In push hands, you do not go into it to look for a push or plan to set up a chance to push, you just follow the changes of your opponent and let the push happen by itself. If there is a will to push, then there will be intention and desire. ‘In the principle everything is base on the principle of yin and yang. When the yin reaches its extreme it will become yang and vice versa. So whenever you think you are in the most advantageous position you are actually in the process of going into a disadvantaged position and whenever you are in a most disadvantaged position you are in the process of going to an advantageous position. It is always better to change from a disadvantage to an advantaged position, rather than the other way around. When you reach the highest level of push hands, there are no pushes
from you. Your body structure is an empty void and any force that comes into contact with it travels into the earth and rebounds back, returning to the person issuing the force. This is the highest level of Taiji force, the Receiving Force, where the practitioner neutralises without neutralising and issues without issuing. To attain this level one must be able to “Forget yourself and follow the other without your own opinion, follow the heart and mind and let it be natural”.
To borrow the words of professor Cheng Man Ching when speaking about push hands, “It is an idea without motives, an act without desire. What a wonderful art Taiji is; it has nothing to do with pushing, it is all about receiving”. As practitioners of Taijiquan we should be true to the art, not only preaching the principles, but also practicing and adhering to them. Taiji is not only an exercise for health or a martial art for self defence, it is most importantly the Dao (philosophy) of life.
Wee Kee Jin, 2006
What is Taiji pushing‐hands? What should one pay attention to when learning and practising pushing‐hands? The solo form sequence practice and duet form pushing-hands exercise are the two component parts of the art of Taijiquan. Doing sequence practice enables one to learn the substance of Taiiiquan, while doing pushing-hand exercise trains one to apply the art to actual self-defence. Therefore, after having learned how to do well a complete sequence of Taiiiquan, one should proceed to learn pushing-hands. Only when one has become proficient in both, can he be counted as being possessed of the substance as well as the application of the art of Taiiiquan.
Pushing-hands is a form of exercise to sharpen the sensitivity of one nerve endings to the degree as sensitive as that of the feelers of a cricket. The feelers are not only very quick in sensing out what the cricket is facing against, but are also very quick in directing the insect to dodge nimbly an attack with the slightest necessary shifting movement, or to be fully attentive in locating and taking advantage of any of the opponent’s weak points. Such kind of exercise will enhance one’s interest and arouse the spirit of enquiry and analysis in the process of learning Taiiiquan.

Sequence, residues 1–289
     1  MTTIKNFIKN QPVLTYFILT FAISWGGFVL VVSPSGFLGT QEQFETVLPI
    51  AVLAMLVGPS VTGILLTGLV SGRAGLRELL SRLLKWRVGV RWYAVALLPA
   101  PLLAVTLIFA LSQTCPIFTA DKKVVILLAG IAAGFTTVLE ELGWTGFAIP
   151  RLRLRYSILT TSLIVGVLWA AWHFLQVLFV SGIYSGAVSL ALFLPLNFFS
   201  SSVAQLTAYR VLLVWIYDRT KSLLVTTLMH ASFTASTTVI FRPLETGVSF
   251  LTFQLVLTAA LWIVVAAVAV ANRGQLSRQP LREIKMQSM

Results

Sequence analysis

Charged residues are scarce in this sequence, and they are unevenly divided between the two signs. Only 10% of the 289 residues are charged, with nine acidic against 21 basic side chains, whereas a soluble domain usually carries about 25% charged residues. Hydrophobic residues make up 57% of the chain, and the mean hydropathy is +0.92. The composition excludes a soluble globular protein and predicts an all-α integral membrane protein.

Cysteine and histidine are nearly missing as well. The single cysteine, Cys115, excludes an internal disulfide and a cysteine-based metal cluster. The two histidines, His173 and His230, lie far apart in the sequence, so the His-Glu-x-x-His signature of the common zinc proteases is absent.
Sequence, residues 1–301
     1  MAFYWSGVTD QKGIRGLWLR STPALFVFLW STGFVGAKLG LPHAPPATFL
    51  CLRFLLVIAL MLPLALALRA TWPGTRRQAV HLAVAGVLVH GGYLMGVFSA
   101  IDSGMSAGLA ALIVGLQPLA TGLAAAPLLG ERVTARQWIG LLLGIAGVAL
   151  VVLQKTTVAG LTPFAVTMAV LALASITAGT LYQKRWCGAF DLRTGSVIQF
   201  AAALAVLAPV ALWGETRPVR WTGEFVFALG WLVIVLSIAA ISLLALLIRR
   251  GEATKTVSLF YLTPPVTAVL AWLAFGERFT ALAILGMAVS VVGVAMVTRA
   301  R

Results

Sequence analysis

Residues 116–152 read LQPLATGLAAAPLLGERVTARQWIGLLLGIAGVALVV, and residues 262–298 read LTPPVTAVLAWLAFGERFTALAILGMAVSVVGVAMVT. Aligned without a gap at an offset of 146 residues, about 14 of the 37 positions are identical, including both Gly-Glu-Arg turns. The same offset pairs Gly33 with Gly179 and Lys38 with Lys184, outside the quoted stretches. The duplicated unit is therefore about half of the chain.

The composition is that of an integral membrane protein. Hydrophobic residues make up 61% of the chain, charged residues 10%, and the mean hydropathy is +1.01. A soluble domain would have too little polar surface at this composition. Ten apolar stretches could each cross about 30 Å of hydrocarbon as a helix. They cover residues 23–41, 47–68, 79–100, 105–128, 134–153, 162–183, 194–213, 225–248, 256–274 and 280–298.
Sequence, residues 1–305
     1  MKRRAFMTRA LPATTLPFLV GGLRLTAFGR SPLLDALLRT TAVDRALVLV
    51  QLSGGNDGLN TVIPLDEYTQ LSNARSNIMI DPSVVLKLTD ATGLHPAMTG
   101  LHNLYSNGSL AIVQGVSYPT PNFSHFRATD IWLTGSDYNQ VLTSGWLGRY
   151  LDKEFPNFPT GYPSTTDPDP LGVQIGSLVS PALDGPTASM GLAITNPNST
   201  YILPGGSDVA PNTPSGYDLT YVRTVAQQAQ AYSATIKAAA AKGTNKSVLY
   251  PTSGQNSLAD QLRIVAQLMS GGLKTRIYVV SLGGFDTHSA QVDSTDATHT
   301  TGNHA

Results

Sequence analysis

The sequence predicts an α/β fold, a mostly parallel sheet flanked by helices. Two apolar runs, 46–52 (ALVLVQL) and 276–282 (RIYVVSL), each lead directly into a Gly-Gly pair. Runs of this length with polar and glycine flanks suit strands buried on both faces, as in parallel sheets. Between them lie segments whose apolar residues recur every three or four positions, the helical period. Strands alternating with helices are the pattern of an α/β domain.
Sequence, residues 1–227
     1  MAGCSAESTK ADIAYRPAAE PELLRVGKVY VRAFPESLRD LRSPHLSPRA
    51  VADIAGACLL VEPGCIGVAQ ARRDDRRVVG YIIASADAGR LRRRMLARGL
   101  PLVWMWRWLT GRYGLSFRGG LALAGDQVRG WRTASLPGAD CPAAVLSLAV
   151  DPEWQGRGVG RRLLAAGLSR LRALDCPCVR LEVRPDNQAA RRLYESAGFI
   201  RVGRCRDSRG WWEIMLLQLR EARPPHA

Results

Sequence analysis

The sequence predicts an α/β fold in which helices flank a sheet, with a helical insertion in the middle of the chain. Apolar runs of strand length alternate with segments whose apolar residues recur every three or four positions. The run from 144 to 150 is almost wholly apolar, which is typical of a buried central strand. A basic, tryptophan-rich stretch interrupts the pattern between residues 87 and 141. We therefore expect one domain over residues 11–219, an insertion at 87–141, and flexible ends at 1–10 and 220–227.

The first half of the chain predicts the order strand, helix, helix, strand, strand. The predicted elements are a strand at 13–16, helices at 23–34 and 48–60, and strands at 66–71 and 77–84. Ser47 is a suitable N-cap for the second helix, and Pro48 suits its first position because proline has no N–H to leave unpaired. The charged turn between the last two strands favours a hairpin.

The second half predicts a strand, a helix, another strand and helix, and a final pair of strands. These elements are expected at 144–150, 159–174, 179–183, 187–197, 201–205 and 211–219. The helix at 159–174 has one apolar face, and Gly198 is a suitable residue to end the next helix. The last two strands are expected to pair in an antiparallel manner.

Pushing-hands is a technical term used in Taiiiquan, and it is sometimes called Joining-hands, or Closely-attached‐hands, or Kneading-hands. There are similar kinds of practice adopted by different schools of Chinese martial arts for practising the methods of getting into close contact with one’s opponent and making good use of some combative device and technique.
“Knowing how to interpret energy” is looked upon as the gist of mastering the art of Taiiiquan, and the primary step toward the knowing is to sharpen the sensitivity of the skin through pushing-hands practice. For that, the fundamental way is to let one’s elbow, wrist, palm or fingers get attached to a certain part of the opponent’s body while doing pushing, pulling, or other movements, to learn to sense out the forcefulness, direction, speed as well as the substantiality or insubstantiality of the opponent’s energy to be issued. After a long time of such kind of practice the sensitivity of nerve endings will be greatly sharpend, and the pair will know how to advance or retreat, and how to issue energy or neutralize it aptly. Then, at the opponent’s slightest stir, one will know instantly the direction, the forcefulness, the speed as well as the substantiality or insubstantiality of the energy he is to issue. Such ability is known as “knowing how to interpret energy.”
After one is capable of “knowing how to interpret energy”, one’s art will become more and more refined through further practice. In an encounter with an opponent, taking an accurate measure of him is of utmost importance, and the basis of an accurate measure is knowing oneself and one’s opponent. There is an old Chinese saying: “Knowing oneself and also one’s’ opponent will make one a hundred times victorious in a hundred battles.” Sensitive feeling is the meduim for knowing the self and the opponent. So the fundamental theory of pushing-hands is actually not very complicated. Of course, from the point of keeping one’s body centered and in equilibrium, it is harder to be so with the duet form pushing‐hands than with the solo form sequence practice, for the latter calls for keeping balanced in doing different sorts of movements by oneself only, while the former demands keeping balanced under an opponent’s every measure to set him off balance, and losing no opportunity to set the opponent off balance. The often cited saying “Seeking to know one’s own energy through the sequence practice, and the other’s energy through pushing-hands exercise” shows that the two actually serve the same purpose of knowing oneself and knowing one’s opponent.